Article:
Genre: Contemporary; Western
Publication day: August 31, 2016
Length: 285 pages
Publisher: Less Than Three Press
Dustin Marston, wannabe professional bull rider, cannot stay on a bull for the required eight seconds. Suffering from sinister flashes of suppressed memories from his childhood, Dusty has a panic attack during a hazardous sexual encounter that lands him in serious legal trouble.
When he proves to be uncooperative, his health counselor, Diana, turns to a colleague for assistance—only for the to learn that Joe was once the boy Dusty loved when they were kids, and who was lost to him twenty years ago. Then Joe proposes a highly unorthodox treatment to save Dusty, a treatment that wakes old nightmares and threatens any chance they have of a future.
My View: Eight Seconds is a very complex novel with a series of dark and challenging topics. Even so, the author did an excellent job balancing the flow of the story. It never got too angst or difficult to read. There are small scenes inserted allowing the reader to see that hope was within reach. All these said, the story has perhaps too much happening; too many twists and turns for each subplot.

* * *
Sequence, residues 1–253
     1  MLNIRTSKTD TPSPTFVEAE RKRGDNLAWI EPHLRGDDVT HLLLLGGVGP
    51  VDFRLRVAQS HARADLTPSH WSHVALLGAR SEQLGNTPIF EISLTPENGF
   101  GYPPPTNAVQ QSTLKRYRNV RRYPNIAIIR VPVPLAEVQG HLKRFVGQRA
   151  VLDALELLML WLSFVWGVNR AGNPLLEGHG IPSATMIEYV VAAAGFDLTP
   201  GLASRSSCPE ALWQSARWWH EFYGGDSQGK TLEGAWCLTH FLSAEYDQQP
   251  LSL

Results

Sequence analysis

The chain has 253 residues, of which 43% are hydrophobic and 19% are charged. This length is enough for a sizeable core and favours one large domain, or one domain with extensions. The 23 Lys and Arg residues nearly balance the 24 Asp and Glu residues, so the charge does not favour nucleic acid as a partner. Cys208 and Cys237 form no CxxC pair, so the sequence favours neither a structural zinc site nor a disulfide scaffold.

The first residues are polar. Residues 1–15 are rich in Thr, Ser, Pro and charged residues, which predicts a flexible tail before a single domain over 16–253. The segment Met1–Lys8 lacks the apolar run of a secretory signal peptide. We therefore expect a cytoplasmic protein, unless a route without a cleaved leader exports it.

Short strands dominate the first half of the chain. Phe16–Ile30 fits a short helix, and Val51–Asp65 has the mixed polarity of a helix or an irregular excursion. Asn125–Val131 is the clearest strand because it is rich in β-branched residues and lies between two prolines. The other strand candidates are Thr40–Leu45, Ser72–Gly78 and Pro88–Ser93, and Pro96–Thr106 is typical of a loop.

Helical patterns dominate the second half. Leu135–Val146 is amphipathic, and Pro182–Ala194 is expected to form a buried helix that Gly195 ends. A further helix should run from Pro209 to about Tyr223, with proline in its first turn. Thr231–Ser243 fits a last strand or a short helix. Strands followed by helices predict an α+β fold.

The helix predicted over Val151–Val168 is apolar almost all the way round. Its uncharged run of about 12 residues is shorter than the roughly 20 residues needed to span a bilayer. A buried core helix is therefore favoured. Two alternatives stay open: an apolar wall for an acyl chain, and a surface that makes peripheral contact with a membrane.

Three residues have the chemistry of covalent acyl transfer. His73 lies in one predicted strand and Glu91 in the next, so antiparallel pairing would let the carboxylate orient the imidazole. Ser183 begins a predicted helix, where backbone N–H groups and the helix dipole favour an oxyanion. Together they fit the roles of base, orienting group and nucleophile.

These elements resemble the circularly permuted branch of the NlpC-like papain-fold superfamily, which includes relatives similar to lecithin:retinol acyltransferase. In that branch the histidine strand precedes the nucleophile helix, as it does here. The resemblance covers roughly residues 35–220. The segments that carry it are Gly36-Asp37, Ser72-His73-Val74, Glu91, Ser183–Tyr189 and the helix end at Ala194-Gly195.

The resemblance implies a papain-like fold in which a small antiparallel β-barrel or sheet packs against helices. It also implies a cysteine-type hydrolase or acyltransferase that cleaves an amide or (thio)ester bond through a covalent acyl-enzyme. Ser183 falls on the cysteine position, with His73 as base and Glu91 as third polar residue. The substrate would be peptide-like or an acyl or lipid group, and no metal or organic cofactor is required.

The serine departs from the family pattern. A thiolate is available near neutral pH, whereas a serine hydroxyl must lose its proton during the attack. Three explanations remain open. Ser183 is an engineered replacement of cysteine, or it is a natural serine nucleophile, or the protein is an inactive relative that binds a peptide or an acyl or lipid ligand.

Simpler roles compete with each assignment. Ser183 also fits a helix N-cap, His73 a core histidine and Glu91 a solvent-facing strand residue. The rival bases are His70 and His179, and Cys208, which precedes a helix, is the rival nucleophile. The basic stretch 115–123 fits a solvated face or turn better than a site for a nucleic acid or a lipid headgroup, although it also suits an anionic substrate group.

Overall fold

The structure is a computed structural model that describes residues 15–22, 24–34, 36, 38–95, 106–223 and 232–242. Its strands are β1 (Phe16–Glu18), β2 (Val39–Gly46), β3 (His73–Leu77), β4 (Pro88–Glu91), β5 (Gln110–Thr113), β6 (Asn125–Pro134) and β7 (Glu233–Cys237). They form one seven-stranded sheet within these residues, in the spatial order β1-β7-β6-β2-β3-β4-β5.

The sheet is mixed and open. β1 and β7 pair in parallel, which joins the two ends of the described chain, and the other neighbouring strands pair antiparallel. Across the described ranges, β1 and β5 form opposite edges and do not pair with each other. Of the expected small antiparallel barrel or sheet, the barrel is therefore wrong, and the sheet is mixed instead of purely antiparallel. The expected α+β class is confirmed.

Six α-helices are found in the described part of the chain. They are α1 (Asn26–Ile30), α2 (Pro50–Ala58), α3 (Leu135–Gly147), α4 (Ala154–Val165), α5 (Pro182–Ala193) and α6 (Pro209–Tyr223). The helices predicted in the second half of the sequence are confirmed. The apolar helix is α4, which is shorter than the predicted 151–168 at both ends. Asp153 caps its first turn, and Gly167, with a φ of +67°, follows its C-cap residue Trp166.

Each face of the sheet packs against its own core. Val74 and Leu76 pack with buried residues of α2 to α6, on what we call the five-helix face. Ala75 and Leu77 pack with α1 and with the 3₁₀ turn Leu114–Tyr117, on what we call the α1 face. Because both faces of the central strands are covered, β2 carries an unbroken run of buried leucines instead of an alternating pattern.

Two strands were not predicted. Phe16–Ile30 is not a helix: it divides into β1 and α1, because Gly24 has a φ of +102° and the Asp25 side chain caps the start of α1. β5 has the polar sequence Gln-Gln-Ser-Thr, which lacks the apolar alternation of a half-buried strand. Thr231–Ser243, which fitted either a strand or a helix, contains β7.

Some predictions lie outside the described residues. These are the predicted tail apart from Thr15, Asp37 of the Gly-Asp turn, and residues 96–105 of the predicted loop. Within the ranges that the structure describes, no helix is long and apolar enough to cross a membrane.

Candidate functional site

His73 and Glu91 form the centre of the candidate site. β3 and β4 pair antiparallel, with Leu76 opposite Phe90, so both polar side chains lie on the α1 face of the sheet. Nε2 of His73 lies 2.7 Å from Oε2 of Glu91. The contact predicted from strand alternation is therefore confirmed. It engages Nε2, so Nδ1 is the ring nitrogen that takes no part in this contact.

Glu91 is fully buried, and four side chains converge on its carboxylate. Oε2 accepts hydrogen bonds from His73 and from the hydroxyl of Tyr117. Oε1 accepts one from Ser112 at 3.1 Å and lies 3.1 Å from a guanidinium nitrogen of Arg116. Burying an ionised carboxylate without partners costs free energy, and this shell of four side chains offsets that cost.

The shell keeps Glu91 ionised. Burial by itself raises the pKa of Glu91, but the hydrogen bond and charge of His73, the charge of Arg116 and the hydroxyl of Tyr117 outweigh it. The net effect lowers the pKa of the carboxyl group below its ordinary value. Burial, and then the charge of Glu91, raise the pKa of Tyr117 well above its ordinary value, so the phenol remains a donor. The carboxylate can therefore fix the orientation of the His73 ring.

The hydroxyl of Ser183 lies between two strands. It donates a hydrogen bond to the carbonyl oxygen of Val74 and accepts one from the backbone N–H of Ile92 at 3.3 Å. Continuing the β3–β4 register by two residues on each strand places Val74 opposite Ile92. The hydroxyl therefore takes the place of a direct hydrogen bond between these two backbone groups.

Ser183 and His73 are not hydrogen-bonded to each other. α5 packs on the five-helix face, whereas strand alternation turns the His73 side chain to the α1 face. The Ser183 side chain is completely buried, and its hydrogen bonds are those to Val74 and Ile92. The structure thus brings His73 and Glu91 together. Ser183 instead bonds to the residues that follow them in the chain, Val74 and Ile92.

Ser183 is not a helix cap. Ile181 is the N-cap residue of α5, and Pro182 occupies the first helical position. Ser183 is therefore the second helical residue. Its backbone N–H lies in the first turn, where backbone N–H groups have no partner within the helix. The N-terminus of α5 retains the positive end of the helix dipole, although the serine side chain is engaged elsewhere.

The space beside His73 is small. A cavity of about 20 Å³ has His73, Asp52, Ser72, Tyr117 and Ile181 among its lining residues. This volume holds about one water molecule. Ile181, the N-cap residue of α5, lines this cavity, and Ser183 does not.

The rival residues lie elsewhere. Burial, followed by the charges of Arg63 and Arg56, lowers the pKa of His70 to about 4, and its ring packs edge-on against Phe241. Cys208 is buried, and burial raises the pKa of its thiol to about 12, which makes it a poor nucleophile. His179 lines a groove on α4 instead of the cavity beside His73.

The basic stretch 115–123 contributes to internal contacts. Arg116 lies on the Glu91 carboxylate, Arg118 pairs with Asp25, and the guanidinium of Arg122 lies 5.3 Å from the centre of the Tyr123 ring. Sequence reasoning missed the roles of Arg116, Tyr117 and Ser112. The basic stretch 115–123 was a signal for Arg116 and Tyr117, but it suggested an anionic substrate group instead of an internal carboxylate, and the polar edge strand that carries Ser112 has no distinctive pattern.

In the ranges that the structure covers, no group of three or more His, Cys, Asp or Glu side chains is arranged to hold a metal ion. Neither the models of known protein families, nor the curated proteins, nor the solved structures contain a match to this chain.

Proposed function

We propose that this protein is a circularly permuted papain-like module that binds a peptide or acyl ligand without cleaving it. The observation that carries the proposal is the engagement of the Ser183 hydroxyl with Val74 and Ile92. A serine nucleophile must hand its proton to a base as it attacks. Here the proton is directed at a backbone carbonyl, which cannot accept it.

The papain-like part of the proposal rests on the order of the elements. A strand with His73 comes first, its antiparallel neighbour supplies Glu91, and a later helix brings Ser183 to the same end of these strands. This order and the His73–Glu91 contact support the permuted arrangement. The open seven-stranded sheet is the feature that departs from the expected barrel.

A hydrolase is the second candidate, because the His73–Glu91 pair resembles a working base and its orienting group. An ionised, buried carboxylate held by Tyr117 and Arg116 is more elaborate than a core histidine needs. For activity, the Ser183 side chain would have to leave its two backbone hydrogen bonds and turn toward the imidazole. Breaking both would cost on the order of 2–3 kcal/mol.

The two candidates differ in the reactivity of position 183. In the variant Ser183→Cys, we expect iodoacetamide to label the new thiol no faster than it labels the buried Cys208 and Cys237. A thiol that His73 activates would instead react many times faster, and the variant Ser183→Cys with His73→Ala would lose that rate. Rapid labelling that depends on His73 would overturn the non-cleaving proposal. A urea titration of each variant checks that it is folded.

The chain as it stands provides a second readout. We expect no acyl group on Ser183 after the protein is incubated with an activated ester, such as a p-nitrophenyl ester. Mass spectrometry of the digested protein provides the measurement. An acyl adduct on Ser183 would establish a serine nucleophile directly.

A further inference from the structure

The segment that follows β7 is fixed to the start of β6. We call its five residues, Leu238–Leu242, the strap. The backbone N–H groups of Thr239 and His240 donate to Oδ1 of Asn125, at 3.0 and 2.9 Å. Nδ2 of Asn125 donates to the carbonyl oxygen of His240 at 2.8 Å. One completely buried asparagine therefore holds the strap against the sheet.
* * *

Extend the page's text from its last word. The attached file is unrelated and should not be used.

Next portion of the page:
The characters are the salvation of this story. They’re easy to fall in love with and hope for the best. Wanting to learn more about their future kept the reader engaged and allowed them to see beyond all the darkness. Every single one of them had a reason to be there and added to the overall plot.
My main issue with this book and the reason I’m not rating it has to do with Joe’s therapy approach. I don’t see how he can be a renowned doctor and act the way he did. His methods are more than questionable; especially due to their relationship. Also, Dustin’s secret seemed unprovable and how easily Joe found about it felt unrealistic. Just like Joe’s background and connections.
This novel isn’t a romance, but a gay fiction story with romantic elements. We get a reunion after twenty years but is more about their friendship and their support for each other.
What I liked the most: Dustin’s and Joe’s relationship.
I wanted more: In this case, I wanted less of everything.
Who should read it: Fans of gay fiction.